This past May I graduated from Harvard. I’m not quite sure where these four years went, but I know they’ve left me with an unbelievable amount of knowledge I never thought I’d have, and more importantly, friends I will carry with me for a lifetime. One thing I still don’t know is how to be a functional adult—so, naturally, I’ve decided to pick up and move to China in the hopes of finding out.
In August, I’ll be relocating to Beijing to spend a year living, working, and teaching. Most of my friends and family are already aware of this, but as I count down to the big move, I thought I’d write up a blog post to tell you all a little bit more about what I’ll be doing and why I’m doing it. This will also be an introduction to my blog’s new focus. For the next year I’ll be using this site to chronicle my life and work abroad, and I plan to write far more regularly than I do now to keep the folks at home updated. Friends, PLEASE pester, beg, bully, and do whatever else it takes to hold me accountable for posting—don’t let me fall off the grid!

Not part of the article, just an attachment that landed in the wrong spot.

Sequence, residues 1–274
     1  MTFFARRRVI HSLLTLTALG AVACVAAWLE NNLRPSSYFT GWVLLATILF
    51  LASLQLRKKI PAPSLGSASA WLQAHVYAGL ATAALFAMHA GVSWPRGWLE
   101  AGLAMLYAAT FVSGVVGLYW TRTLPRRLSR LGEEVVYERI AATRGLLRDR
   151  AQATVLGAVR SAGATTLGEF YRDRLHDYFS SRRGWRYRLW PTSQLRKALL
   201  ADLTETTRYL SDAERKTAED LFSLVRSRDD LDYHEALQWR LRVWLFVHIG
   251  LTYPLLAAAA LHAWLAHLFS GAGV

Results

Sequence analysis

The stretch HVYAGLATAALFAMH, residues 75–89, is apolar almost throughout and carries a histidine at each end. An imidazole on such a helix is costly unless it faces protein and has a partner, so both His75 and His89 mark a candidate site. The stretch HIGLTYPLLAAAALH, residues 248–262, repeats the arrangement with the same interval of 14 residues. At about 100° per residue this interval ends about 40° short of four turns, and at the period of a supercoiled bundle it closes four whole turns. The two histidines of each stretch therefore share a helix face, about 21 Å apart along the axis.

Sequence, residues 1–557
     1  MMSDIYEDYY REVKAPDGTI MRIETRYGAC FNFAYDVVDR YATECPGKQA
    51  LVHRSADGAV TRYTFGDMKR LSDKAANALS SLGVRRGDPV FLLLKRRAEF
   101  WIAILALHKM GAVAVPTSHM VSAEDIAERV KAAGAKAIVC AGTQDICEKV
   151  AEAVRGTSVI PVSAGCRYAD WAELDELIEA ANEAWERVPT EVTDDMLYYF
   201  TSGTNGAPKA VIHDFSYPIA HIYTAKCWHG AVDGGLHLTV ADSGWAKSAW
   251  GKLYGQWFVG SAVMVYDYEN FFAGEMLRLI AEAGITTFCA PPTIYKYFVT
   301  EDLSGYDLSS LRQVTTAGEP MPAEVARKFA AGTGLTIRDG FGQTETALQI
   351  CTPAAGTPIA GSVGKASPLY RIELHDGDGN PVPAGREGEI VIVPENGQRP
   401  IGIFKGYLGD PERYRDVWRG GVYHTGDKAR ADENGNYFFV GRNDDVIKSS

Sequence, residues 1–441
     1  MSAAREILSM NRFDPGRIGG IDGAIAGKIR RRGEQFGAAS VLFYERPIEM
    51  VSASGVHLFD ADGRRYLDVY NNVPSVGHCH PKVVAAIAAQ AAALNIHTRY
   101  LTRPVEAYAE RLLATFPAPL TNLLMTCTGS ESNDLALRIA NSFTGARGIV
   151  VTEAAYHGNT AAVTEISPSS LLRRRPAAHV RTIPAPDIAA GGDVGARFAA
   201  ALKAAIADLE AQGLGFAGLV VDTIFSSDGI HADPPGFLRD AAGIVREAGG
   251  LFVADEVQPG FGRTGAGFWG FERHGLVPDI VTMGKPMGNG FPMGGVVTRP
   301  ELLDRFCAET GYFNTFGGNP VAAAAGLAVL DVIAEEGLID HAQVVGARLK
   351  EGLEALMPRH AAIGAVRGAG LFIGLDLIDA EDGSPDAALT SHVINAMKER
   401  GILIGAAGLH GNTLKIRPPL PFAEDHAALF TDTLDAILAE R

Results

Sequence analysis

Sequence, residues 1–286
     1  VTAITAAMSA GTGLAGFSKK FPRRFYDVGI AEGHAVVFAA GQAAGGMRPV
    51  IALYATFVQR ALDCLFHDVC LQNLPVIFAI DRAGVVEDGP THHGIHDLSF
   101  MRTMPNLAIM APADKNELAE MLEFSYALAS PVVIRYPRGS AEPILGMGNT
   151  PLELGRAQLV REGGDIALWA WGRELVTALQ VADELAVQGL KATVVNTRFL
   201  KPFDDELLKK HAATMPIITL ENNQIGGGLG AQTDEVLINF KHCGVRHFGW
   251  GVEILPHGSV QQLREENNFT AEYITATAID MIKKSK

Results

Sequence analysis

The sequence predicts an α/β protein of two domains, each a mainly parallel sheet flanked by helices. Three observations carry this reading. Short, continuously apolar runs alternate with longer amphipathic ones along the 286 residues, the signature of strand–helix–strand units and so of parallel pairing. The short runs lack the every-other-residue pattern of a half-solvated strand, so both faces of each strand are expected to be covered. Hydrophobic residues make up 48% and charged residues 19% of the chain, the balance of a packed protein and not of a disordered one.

What is Princeton in Asia?
Princeton in Asia (PiA) is a fellowship program affiliated with Princeton University that has been placing recent college graduates in meaningful jobs across Asia since 1898. PiA has established relationships with 80 Asian partner institutions, ranging from elementary schools to universities, NGOs to media publications, and everything in between. PiA recruits about 150 new fellows every year, and by getting to know us through intensive personal interviews and a rigorous application process, they decide where we’d best fit. Around half of the fellowships PiA grants are teaching posts, and the rest are various different kinds of workplace positions. Mine, a brand new PiA fellowship this year, is a little bit of both.